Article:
Pope Benedict XVI Restores Four Excommunicated Bishops – Including Holocaust Denier

January 25, 2009

(ChattahBox) — Pope Benedict XVI, has provoked outrage after conceding to the far-right of the Catholic Church, by revoking the excommunications of four schismatic bishops on Saturday, including one whose comments denying the Holocaust.

A particularly controversial aspect of the reinstatement was the inclusion of Richard Williamson (photo left), a British-born cleric who in an interview said he did not believe that 6 million Jews died in the Nazi gas chambers.  In a November interview broadcast on Swedish television last week and widely available on the Internet, Williamson said he thought “the historical evidence” was hugely against the conclusion that millions of Jews had been “deliberately gassed in gas chambers as a deliberate policy of Adolf Hitler.” The Vatican spokesman, the Rev. Federico Lombardi, said Saturday that Williamson’s comments had “nothing to do with” the pope’s decision to welcome the schismatic bishops back into the fold. He added, “These are declarations that we don’t share in any way.” Lombardi called the revocation of the excommunications a fundamental step toward the unity of the church, after two decades of rift. “We have to consider it very positive news,” he added.
Williamson has also given interviews saying that the U.S. government staged the Sept. 11 attacks as a pretext to invade Afghanistan. The recent comments by Williamson, who led a traditionalist seminary in Ridgefield, Conn., at the time he was made bishop and later moved to a seminary in Argentina (naturally), inevitably overshadowed the debate about traditional and liberal strains in the Roman Catholic Church.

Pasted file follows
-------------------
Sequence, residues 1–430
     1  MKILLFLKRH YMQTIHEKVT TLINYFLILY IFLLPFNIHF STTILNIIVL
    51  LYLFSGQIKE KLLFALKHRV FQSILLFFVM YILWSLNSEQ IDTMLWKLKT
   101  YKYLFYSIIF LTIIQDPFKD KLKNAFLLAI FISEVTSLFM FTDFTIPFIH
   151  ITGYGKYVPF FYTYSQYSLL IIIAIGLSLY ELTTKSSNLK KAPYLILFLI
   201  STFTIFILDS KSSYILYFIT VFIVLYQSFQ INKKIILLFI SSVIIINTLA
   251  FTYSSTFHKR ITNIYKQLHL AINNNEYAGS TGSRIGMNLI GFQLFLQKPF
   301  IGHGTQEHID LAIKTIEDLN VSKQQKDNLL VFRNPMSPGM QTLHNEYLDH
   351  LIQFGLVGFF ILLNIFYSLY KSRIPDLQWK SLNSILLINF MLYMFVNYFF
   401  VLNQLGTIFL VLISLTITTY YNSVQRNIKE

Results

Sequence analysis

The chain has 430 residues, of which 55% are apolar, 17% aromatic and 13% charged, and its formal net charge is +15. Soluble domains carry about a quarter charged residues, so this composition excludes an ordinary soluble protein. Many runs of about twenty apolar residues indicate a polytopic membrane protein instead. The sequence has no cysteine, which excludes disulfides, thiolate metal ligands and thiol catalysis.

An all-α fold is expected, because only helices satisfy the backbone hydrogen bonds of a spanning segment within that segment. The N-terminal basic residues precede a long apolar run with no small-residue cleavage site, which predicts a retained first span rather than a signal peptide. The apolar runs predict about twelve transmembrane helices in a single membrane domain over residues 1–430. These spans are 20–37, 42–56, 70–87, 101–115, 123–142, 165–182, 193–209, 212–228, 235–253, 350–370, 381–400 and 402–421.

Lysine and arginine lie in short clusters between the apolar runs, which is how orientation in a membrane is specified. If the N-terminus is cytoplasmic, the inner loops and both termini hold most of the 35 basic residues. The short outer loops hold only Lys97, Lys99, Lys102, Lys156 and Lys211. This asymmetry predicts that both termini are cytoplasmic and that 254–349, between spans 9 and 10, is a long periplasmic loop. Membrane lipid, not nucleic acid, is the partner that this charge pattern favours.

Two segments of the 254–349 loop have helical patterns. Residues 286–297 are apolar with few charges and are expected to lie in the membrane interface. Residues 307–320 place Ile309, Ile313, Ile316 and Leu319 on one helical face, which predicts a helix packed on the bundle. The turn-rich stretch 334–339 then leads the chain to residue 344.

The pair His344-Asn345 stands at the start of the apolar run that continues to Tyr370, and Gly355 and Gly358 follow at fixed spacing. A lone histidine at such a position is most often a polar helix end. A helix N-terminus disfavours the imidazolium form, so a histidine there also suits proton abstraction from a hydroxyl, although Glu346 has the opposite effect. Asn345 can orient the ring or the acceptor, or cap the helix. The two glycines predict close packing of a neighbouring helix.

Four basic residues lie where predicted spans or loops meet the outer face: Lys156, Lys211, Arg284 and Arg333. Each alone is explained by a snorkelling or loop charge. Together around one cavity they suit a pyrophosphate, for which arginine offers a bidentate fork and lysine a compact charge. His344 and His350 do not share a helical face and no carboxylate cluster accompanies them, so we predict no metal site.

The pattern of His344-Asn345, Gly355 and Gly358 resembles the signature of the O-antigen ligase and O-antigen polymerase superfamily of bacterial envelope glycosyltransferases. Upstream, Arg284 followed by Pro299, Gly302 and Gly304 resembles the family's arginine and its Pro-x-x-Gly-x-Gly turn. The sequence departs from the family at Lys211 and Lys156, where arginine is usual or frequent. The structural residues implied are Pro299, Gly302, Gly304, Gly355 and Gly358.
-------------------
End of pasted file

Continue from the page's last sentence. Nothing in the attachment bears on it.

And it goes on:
The four reinstated men are members of the Society of St. Pius X, which was founded by the late ultraconservative French archbishop, Marcel Lefebvre, in 1970 as a protest against the modernizing reforms of the Second Vatican Council. Lefebvre made the four bishops in unsanctioned consecrations in Switzerland in 1988, prompting the immediate excommunication of all five as an act of schism by Pope John Paul II.

Critics of Benedict feel his 4-year-old papacy has proven increasingly hostile to moderates and to the sweeping reforms of the Second Vatican Council in the 1960s that sought to create a more modern and open church.
In recent years, Benedict has made other concessions to the Lefebvrists, including allowing the broader recitation of the Latin Mass, which was made optional in the 1960s Vatican reforms and includes a Good Friday prayer calling for the conversion of Jews.

In a statement Saturday, the Vatican said that the pope would “reconsider” whether to formally affirm the four as full bishops, but referred to the men by that title.

Jewish groups denounced the Vatican for having embraced a Holocaust denier and warned that the pope’s decision would have serious implications for Catholic-Jewish relations as well as the pontiff’s planned visit to the Holy Land later this year.


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